I saw an interesting question over at the film & TV site:
Why do [the fictional American politicians in the US version of House of Cards] refer to Palestine as a country?
In the "Jordan Valley" episodes of House of Cards, the characters routinely refer to "Palestine" as if it were an actual country. I have never seen real American politicians do that. Is the in-show universe different than our own, one in which Palestine became a recognized country?
... [in comments] Real American politicians may say "Palestinian" but rarely "Palestine", except when they are explicitly talking about the possibility of a future state
... U.S. politicians never refer to [the Palestinian territories as they are today] as "Palestine". This would be cause strenuous objections by Israel if it were to occur.
This got me wondering - how do US politicians refer to Palestine, if not as "Palestine"? Obviously the US is one of the countries that doesn't formally recognise Palestine as a state, but the Palestinian territories are a de-facto state (largely self-governing, etc), and an important and oft-discussed one for US foreign policy.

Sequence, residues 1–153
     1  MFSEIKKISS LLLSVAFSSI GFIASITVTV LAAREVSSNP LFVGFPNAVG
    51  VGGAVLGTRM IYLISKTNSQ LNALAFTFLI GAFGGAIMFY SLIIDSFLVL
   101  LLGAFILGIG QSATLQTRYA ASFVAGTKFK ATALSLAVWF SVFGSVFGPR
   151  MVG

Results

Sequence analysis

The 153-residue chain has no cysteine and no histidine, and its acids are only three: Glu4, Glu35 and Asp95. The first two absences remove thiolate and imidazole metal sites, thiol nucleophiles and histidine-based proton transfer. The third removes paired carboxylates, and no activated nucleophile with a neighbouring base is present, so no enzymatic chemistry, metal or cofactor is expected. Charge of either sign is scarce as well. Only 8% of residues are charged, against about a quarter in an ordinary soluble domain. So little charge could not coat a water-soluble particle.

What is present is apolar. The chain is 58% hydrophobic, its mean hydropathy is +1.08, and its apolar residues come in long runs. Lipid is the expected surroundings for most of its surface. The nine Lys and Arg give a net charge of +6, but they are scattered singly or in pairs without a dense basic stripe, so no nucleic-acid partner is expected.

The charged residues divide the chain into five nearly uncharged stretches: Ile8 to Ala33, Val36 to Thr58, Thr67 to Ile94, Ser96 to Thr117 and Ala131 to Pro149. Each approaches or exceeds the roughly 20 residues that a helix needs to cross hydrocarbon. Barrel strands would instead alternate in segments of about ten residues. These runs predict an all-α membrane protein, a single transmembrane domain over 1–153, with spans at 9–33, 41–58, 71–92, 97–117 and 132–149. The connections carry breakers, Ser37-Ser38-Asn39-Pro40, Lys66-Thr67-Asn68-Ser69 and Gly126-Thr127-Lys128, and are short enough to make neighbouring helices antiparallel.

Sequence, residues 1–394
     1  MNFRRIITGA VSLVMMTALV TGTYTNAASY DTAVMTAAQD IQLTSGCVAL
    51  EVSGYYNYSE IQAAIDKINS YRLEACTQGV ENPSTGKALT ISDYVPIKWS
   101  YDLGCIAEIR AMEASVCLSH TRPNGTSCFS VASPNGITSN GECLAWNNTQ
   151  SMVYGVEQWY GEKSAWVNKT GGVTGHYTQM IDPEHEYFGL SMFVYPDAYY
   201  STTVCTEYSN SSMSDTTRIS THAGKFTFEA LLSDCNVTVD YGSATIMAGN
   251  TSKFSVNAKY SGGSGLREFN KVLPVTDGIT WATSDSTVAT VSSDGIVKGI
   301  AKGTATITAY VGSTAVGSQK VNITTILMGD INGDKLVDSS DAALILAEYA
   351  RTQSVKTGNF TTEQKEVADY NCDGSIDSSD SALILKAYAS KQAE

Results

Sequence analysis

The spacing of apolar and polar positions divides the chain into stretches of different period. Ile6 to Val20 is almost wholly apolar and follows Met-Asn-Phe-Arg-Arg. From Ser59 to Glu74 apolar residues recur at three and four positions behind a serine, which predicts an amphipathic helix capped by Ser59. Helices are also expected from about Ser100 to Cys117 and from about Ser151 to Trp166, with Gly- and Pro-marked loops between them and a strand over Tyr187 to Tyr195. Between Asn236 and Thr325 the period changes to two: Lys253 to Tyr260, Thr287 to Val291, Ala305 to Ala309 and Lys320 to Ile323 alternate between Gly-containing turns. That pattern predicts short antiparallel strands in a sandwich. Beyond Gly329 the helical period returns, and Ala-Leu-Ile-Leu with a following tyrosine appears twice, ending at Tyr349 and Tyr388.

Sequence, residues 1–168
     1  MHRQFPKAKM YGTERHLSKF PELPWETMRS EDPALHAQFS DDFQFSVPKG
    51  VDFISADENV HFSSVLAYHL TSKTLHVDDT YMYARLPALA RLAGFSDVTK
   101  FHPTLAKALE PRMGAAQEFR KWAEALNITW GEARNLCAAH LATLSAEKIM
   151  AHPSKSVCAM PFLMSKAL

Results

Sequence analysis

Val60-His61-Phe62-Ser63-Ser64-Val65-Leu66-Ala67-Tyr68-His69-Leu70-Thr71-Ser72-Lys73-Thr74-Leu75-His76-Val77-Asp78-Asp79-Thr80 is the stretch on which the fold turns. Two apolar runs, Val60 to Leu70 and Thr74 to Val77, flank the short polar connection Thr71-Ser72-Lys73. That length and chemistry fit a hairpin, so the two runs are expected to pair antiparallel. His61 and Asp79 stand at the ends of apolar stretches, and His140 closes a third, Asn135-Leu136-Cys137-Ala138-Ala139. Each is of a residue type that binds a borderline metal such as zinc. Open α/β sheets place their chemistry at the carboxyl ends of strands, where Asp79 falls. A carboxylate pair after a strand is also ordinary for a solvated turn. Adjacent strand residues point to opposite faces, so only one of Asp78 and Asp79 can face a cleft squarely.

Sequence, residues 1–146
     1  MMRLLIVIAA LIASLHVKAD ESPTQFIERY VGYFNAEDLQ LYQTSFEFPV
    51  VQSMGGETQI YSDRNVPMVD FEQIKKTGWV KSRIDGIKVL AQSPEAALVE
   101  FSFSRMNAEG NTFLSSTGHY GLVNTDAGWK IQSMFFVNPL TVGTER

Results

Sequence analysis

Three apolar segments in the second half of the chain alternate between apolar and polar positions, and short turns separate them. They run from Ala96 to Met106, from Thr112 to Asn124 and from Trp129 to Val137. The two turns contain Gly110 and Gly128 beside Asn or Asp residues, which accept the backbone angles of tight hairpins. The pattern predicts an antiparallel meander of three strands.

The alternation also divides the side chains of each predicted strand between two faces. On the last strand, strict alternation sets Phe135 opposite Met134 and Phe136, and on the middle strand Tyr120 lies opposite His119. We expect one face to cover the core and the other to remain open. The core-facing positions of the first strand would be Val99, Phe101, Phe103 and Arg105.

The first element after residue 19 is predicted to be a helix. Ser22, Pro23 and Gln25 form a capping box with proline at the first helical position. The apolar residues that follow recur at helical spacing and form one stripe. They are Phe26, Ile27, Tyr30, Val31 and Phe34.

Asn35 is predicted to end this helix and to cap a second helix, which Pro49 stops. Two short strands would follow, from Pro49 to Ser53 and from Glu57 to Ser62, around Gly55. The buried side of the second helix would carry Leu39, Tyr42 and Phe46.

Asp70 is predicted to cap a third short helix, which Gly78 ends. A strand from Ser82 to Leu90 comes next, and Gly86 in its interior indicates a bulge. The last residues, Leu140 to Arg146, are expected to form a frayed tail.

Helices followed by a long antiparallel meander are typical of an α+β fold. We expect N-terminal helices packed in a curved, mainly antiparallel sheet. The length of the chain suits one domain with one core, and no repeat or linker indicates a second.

How are the lands governed by the Palestinian National Authority referred to by American politicians? Is there a standard or protocol? Does it vary between parties or factions?
I'm mostly interested in on-the-record speech, but if there's evidence or examples of politicians using different language in formal speeches as to informal or off-the-record conversation, that'd be a very interesting detail.
As a side note, I'm also curious about whether the same naming policy is used for Palestine as other non-recognised de-facto states like Somaliland, Transnistria, Western Sahara, etc.